Professor Science: Jellyfish tales

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Jellyfish are amazing creatures. Gently floating along in the oceans and some fresh-water lakes, these gelatinous umbrella shaped blobs with their trailing stingy tentacles have outlived many other animals for almost 700 million years.

Perhaps their simplicity has helped in that feat. They do not have eyes, but some possess light-sensitive ocelli and sensory statocysts that help the jelly maintain its balance. They do not have a specialized digestive system, excretory system, respiratory system or circulatory system, nor do they have a central nervous system or skeletal system. Jellies ‘breathe’ through their skin by diffusion. Their food is taken up into a gastrovascular cavity, digested and the nutrients absorbed into the body. They are just blobs using a hydrostatic skeleton that controls the water pouch in their body to manipulate pulsating movements.

Yet being blobs has not prevented them from being vicious hunters. They hunt passively using their tentacles as drift nets for fish, crustaceans, plankton, fish eggs and other jellies. Jellyfish sting their prey using cnidocysts which, upon release, pierce the victim’s skin and inject venom. Sting effects can range from no effect to extreme pain and death depending on the species of jelly and victim.

Humans and jellies have an interesting relationship. In some Asian countries, jellyfish belonging to the order Rhizostomeae are being fished. Dried and served in soy sauce and sesame oil, they are a delicacy. Studying jellies for research can be very difficult, yet in 1961 a green fluorescent protein was extracted from a jelly and is now being used as a fluorescent marker in biomedical research all around the world. Blooms of jellies have devastated fish farms globally and caused power plants to be shut down out of fear of blockages in the water-intake pipes.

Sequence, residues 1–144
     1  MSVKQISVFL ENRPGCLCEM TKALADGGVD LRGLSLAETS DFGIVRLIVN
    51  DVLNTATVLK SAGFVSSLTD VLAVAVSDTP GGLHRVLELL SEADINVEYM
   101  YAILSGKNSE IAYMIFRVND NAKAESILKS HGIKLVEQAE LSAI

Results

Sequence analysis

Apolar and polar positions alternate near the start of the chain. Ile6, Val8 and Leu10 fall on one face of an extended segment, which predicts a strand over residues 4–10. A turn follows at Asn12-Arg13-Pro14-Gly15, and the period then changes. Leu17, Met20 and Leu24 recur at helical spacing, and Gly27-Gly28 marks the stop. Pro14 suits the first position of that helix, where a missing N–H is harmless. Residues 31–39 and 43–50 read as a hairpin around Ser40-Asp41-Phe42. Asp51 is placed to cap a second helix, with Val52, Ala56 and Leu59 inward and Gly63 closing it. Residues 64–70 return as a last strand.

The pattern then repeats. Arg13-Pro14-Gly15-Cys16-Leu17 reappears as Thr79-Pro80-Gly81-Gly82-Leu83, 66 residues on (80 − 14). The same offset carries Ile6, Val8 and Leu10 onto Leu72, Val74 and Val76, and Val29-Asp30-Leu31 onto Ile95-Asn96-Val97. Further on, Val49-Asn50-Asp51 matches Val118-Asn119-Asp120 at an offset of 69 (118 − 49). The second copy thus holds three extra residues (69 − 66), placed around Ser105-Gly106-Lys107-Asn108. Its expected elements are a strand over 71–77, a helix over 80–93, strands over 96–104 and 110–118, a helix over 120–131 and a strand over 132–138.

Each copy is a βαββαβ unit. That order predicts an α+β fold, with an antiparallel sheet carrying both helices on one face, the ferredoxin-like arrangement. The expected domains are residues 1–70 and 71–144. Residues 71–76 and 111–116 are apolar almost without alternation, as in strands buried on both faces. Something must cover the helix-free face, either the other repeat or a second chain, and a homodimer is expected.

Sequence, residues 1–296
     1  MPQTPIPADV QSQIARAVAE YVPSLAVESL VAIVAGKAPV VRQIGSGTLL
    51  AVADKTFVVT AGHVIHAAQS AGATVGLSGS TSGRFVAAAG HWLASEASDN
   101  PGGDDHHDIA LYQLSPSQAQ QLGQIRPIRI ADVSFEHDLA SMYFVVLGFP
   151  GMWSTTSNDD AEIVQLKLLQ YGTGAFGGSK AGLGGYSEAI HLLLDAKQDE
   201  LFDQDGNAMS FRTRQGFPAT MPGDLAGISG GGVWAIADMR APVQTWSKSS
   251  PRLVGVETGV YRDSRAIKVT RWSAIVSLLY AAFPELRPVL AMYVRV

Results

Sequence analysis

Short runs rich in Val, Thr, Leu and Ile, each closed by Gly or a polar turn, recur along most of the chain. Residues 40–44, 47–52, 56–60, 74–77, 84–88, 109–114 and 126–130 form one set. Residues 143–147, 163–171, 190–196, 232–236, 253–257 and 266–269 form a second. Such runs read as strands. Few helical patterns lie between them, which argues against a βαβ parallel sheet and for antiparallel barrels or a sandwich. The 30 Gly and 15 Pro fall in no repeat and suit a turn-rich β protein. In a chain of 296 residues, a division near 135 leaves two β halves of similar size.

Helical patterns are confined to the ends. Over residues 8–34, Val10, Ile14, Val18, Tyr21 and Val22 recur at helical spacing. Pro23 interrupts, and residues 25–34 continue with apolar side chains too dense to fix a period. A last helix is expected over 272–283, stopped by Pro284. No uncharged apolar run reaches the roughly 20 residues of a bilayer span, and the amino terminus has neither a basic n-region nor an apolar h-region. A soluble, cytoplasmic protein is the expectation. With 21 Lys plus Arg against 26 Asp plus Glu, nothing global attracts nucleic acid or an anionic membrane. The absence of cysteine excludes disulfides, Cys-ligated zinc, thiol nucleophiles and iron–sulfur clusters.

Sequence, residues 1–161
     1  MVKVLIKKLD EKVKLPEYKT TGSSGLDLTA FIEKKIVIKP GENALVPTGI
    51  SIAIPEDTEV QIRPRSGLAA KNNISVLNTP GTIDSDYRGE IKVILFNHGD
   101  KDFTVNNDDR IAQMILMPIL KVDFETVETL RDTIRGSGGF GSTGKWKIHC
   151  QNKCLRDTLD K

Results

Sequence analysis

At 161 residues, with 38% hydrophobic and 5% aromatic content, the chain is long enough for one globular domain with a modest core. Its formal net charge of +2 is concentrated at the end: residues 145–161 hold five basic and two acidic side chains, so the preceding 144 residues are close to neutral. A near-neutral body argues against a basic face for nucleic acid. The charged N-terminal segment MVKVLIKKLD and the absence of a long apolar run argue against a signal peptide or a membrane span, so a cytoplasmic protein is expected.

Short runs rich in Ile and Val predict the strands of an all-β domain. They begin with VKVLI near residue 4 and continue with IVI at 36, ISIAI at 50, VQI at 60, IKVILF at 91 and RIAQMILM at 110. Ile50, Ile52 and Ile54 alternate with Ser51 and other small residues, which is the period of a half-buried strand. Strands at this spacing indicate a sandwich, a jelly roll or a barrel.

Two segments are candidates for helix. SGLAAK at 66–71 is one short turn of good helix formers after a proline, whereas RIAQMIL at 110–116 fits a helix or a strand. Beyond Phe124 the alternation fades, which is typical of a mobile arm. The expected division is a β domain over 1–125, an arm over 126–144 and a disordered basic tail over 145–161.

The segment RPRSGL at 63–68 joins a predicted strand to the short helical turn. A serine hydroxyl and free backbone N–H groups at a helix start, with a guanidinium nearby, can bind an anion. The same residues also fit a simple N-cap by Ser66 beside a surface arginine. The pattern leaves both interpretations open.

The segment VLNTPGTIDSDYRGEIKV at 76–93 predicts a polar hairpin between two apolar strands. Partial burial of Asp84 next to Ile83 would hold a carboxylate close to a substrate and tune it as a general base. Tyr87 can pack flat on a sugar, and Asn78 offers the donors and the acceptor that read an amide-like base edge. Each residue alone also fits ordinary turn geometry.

All of these jelly babies have quite a complex life cycle. Fertilized eggs develop into larval planulae covered with tiny hair-like cilia. It settles onto a firm surface and develops into a polyp. This small stalk has a mouth and some upward-facing tentacles feeding it continuously with whatever tiny creatures float past. This stage can last for years. The polyp reproduces asexually by budding, which produces free-swimming ephyrae. These swim away into the oceans and grow into adult medusae. The medusa can be as tiny as a few millimetres or as a ginormous 2 metres in bell diameter. They can live up to several months as fully grown adults, typically until the medusa has spawned a new generation. However, there is one pretty much immortal jellyfish, Turritopsis dohrnii, which can transform from a medusa back to the polyp stage when life gets tough as an adult.

The name jellyfish, little mortal, is quite misleading; they are neither vertebrates nor fish. Not even all jellyfish are jellyfish. The Portugese man-of-war is not actually a jellyfish, nor is it even an animal at all, but an entity formed of a colony of tiny animals called zooids. It is what is known as a siphonophore. The zooids are closely integrated, so that they are only able to survive together. There are at least three specialised types of polyps. Polyps dedicated to digestion and reproduction, polyps dedicated to the 50 metre long tentacles and the venom in them; and lastly, the polyps that make up the gas-filled bladder above the water. This bladder is said to look like an 18th century Portugese warship and is filled with carbon monoxide generated in a gas-gland. It can be deflated to allow the colony to sink out of harm’s way from its main predators tuna and sea turtles.

True jelly or just pretending, they are some fascinating creatures, ever so peacefully bobbing along in the oceans’ currents. Imagine being a jellyfish that could turn into a jelly baby whenever you get exam stress! Jellyfish are clever little floaty animals!

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